7 Steps to a Successful Linux and Open Source Migration - Part One of Three

Posted by Mark Teter, Chief Technology Officer
January 13, 2011

Today pretty much every organization has some open source technology in their IT environment, usually in the form of Linux. In fact, Linux provides the much of the underlying structure for the Internet and World Wide Web.

While Linux has become a mainstream business technology, it’s by no means foolproof. For a Linux migration to be successful, it needs to be well planned and deliberately executed. While there’s no real substitute for experienced and qualified Linux professionals—with basic IT competency your organization can follow these 7 steps for a successful Linux migration and adoption.


To start, you should understand your organization’s business strategy. You’ll want to find a sensible balance between the applications that represent parity services for your organization and those applications that serve your business strategy and provide competitive advantage. Armed with that information, you can define your business level objective and align your business needs with your IT capabilities and expected workloads. Doing this work at the outset will help you ensure the flexibility, stability, and sufficient performance to meet your business objectives at the lowest cost of ownership, while also avoiding vendor lock-in.


Next, you should survey your application environment. Not too long ago there were some applications that couldn’t be migrated to Linux so you didn’t have the option to skip this step. Today, however, virtually all applications can run on Linux or have suitable Linux equivalents. Nevertheless, this important step gives you the opportunity to rationalize your application environment and separate those that perform useful work from those that consume resources but are never or rarely used. In addition to eliminating these little used applications – sometimes referred to as “shelfware,” you’ll be able to cull overlapping and redundant applications. Again, they take resources without advancing your business level objectives. This will then give you an opportunity to identify and document the interrelationships between applications and systems so you can understand the dependencies between them—such as applications that require data processed by other applications.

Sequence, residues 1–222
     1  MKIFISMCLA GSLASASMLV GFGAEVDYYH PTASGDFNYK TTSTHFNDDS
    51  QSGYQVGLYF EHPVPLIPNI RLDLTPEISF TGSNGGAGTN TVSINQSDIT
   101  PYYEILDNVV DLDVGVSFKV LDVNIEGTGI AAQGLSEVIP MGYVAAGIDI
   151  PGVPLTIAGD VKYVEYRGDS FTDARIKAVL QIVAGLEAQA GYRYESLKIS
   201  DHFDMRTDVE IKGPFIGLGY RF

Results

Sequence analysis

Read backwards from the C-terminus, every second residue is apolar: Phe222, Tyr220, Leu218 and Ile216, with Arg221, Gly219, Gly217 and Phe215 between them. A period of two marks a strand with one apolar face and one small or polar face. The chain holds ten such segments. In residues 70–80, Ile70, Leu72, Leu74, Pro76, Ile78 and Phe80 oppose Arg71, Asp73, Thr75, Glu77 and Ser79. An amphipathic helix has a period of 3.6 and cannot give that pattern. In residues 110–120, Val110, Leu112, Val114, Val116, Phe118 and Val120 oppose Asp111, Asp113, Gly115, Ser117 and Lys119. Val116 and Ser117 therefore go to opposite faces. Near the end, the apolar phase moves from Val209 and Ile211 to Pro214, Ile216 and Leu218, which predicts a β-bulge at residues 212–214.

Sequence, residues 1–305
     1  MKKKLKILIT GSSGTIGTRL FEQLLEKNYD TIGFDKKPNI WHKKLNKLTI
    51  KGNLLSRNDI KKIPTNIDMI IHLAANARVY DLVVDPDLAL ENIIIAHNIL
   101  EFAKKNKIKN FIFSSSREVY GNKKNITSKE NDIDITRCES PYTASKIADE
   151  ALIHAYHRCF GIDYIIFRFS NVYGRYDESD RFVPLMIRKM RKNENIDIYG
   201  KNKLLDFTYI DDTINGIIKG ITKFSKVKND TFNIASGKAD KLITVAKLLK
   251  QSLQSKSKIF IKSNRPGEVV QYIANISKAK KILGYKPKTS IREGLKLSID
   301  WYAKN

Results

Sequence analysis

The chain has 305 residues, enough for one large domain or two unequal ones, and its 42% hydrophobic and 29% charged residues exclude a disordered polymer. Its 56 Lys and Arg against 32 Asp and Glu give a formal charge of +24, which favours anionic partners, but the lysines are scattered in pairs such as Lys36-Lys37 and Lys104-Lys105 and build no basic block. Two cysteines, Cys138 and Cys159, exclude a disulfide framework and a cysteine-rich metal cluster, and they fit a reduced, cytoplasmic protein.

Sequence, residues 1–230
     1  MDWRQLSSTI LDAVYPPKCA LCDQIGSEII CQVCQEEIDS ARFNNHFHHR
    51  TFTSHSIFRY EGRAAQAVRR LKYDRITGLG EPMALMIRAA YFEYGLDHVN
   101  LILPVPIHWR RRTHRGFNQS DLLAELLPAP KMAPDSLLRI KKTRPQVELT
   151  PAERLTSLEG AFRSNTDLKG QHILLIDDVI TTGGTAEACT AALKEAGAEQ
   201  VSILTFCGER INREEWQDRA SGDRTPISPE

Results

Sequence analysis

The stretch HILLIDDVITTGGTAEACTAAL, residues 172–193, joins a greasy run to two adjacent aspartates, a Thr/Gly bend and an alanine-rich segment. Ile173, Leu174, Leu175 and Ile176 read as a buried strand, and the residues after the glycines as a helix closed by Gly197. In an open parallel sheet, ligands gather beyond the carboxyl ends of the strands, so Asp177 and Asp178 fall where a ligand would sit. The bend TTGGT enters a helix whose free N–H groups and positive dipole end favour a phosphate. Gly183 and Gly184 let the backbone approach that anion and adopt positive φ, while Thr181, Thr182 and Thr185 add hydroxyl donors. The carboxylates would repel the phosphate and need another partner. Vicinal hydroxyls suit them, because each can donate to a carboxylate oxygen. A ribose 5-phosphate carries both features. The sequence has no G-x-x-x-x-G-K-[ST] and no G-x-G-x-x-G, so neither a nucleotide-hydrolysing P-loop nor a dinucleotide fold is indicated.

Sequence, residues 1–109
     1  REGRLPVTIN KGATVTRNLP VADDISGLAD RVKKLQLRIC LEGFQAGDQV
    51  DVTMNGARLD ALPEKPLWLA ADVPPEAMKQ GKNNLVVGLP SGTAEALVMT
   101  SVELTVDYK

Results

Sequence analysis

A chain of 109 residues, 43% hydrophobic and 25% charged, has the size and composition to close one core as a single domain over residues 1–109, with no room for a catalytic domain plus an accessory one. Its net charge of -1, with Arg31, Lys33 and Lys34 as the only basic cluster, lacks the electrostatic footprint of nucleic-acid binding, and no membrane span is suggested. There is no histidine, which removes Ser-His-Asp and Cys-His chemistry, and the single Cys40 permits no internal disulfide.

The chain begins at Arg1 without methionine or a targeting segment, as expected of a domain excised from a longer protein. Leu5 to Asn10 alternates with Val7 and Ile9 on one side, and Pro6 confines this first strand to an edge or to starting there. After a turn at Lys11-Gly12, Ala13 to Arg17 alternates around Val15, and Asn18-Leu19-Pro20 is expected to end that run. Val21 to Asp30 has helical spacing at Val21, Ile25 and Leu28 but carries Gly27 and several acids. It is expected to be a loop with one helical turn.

After you examine your current application environment, if you find that you can directly apply Linux and open source to your business and its computing requirements, then you should begin developing an appropriate Linux infrastructure blueprint. Because Linux and open source have spawned new approaches and methods for deploying application infrastructures, you will have a surprising number of choices. So, you’ll want two things from your infrastructure: (1) a solid, reliable base on which to run your applications and—since every business intends to grow—(2) a scalable, flexible, extensible, and dynamic platform that can grow and change with your business.

About Mark Teter Before he retired from ASG in 2013, Mark Teter was Chief Technology Officer (CTO) and the author of 'Paradigm Shift: Seven Keys of Highly successful Linux and Open Source Adoptions.' As CTO, Mark regularly advised IT organizations, vendors, and government agencies, and he frequently conducted seminars and training programs.

Filed Under: Linux

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